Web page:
What Is a Herniated Disc?
The bones that form the spine are cushioned by small discs. These discs act as shock absorbers for the spine and help keep the spine flexible. When a disc is damaged, it may rupture and swell. The material from inside the disc extrudes and can press against nerves producing pain in the back, neck or legs. Doctors refer to this painful condition as a herniated disc.
When a herniated disc presses on a nerve, it can cause occasional or constant numbness, weakness and pain in the back and any area of the body where the impinged nerve travels. Herniated discs are often not diagnosed immediately and can be a lifelong problem.
What Causes Spinal Disc Injuries?
A spinal disc can become herniated through wear and tear or an injury to the spine. Common causes of a herniated disc include activities that may stress the lower back, including sports-related injuries, repetitive stress from actions performed at work, and traffic accidents.
Herniated disc injuries often occur in car crashes and truck wrecks. An accident does not have to be severe to damage a disc in your back. When a collision happens, the stress put on the spine can tear the annulus, which is the outer layer of a disc. Many insurance companies try to convince people that a back or neck injuries resulting from an accident is always minor. Often, however, the a crash victim's neck or back pain results from the herniation of disc.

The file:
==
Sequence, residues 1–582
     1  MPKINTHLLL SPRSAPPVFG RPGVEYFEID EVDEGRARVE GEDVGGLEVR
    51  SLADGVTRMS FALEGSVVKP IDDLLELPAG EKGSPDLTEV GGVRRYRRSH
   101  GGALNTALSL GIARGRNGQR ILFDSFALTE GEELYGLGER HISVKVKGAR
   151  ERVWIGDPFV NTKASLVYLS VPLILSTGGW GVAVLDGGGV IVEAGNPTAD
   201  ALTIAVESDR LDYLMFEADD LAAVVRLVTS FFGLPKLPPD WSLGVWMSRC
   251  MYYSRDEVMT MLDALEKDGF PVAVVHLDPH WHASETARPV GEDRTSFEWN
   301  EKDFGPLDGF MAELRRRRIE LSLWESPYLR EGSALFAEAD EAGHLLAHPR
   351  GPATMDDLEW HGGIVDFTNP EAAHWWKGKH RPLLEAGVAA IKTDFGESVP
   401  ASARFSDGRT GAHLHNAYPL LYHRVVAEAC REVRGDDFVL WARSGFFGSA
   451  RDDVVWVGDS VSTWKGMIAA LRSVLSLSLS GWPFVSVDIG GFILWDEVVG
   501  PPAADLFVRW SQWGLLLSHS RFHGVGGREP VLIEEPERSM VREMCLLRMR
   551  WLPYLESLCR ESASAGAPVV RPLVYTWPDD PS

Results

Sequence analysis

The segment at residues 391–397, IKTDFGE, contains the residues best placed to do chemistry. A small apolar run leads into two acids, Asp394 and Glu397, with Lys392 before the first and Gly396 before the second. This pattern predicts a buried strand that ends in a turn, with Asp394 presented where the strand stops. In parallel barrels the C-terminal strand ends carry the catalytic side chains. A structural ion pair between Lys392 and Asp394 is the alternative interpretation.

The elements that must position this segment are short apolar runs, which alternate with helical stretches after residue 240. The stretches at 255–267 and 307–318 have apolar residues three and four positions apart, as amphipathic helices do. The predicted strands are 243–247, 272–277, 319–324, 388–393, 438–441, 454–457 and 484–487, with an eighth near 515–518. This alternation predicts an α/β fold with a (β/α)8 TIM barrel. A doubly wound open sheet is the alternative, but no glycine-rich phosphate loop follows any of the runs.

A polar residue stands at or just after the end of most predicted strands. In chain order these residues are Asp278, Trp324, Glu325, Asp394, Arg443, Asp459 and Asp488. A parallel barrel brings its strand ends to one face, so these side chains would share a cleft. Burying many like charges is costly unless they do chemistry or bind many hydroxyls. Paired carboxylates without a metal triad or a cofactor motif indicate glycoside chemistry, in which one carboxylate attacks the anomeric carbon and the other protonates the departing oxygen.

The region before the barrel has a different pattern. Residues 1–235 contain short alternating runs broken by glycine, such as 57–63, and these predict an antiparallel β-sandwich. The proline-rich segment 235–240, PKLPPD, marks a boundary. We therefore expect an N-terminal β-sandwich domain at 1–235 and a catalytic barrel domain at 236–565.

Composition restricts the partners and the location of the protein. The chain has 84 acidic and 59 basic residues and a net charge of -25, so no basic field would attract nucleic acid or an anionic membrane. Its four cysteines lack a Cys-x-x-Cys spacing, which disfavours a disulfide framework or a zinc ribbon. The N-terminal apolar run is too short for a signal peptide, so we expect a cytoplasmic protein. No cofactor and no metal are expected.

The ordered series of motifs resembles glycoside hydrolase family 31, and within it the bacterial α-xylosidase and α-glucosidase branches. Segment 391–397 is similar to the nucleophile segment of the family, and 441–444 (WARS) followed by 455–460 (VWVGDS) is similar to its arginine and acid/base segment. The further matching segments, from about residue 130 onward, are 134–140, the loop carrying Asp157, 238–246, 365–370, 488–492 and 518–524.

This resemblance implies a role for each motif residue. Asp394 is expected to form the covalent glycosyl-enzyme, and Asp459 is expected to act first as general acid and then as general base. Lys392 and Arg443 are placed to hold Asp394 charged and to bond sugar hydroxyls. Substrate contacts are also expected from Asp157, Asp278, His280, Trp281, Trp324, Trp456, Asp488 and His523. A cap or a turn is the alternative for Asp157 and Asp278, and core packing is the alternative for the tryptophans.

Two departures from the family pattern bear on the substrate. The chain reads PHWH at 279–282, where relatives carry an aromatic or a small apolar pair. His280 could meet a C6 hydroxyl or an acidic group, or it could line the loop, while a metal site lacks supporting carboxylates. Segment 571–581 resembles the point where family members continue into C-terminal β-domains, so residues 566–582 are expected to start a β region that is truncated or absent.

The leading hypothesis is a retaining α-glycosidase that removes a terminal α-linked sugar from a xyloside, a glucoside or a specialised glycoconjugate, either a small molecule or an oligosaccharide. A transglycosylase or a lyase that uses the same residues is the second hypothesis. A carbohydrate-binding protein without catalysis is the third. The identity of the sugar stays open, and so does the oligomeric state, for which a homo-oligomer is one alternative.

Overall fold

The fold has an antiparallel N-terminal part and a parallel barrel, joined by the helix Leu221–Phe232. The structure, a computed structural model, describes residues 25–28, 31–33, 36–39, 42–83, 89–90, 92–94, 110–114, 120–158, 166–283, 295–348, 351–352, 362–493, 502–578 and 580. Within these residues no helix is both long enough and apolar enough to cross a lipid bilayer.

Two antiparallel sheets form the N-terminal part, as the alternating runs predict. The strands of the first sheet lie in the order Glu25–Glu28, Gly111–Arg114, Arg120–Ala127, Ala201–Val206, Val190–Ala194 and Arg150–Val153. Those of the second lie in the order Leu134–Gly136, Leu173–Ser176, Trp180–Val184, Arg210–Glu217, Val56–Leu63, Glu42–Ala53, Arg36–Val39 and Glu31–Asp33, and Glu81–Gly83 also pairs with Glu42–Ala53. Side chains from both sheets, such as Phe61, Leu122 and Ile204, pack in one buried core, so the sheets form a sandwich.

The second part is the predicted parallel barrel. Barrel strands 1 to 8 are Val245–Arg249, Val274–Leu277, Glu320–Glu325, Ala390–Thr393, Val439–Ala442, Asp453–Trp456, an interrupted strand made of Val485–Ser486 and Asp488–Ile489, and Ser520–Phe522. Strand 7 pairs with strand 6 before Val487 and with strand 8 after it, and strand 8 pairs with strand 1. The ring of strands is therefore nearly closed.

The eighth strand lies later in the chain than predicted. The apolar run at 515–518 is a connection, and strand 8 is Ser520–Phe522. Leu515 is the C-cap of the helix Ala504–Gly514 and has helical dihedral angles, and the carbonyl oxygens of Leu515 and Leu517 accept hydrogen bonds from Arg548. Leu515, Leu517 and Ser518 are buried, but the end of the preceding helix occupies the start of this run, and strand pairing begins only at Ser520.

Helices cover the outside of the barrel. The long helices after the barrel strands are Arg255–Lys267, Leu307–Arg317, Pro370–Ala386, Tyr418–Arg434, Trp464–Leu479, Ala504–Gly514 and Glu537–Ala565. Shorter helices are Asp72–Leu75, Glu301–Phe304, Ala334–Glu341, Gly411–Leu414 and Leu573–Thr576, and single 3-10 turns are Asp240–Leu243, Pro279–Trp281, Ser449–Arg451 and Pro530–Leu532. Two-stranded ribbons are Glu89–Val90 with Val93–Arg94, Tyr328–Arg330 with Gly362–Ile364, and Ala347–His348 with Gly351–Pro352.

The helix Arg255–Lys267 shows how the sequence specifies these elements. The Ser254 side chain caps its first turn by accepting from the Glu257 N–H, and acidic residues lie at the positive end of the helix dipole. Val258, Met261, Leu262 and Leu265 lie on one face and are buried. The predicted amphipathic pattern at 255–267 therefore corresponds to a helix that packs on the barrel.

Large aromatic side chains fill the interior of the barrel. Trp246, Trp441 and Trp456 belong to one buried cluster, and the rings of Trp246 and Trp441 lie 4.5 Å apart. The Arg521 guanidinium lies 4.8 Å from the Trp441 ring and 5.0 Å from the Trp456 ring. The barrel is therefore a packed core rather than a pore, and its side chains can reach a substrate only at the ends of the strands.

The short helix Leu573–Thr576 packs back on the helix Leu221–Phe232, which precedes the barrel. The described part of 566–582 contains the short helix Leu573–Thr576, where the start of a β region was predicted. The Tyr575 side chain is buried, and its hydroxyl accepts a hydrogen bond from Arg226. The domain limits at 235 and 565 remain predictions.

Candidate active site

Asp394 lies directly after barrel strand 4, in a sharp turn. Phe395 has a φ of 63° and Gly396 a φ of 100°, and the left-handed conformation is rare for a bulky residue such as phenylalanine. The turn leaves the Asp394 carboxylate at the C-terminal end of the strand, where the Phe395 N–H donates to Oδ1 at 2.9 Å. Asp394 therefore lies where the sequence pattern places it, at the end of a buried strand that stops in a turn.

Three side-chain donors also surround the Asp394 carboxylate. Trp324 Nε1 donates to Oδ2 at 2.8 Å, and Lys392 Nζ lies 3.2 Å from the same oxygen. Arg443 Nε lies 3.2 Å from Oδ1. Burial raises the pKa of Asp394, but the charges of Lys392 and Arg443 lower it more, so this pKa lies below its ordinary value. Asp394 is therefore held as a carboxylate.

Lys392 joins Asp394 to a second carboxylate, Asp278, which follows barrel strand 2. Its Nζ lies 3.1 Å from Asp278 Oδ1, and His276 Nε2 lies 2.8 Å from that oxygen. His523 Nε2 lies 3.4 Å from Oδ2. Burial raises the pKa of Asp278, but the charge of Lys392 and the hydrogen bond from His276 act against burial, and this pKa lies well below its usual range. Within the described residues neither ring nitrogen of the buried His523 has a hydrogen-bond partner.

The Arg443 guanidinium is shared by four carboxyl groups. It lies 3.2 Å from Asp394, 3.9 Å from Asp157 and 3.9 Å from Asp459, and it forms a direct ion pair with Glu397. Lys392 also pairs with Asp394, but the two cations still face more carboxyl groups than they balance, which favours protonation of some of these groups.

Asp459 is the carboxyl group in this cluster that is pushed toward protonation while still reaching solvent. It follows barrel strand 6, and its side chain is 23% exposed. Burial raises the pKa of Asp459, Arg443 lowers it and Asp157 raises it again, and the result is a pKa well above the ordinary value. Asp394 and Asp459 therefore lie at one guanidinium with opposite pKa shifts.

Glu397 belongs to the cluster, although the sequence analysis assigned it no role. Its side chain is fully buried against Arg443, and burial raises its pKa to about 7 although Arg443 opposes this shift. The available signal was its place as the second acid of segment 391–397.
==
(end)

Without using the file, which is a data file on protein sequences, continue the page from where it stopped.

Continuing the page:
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Railroad workers have particularly high risks for suffering back injuries on the job. Incidents that can endanger railroad workers and cause herniated discs include lifting heavy objects; twisting and bending repeatedly, which stresses the body and spine; falling from a train car; or being involved in a collision.
What Is the Treatment for Herniated Discs?
A herniated disc injury does not require surgery unless there are signs of neurological malfunction in the muscles or radiating pain that does not ease up. If the back pain has not gone away after 6 weeks of nonsurgical treatment such as anti-inflammatory medications, physical therapy, laser therapy, acupuncture or chiropractic adjustments, the next option is surgery.
One particular surgery, laminectomy, involves removing the back part, or lamina, of the vertebra closest to the herniated disc to expose the spinal canal. This procedure relieves pressure on the spinal cord and other nerves. Another kind of surgery is a spinal fusion in which one of more vertebrae are connected with a clamplike device so the bones can no longer move. Bone grafts, plates and screws are placed around the vertebrae during fusion surgery.
Even if the injury does not require surgery, a herniated disc, especially one resulting from a preventable injury caused by someone else, can be a financial burden. The cost of laser therapy for the initial injury and subsequent flare-ups, for instance, can prove too expensive to pay for over many months and years. Herniated discs can also make it impossible for people to work. Some jobs require lifting and demands that cannot be done with a bad back.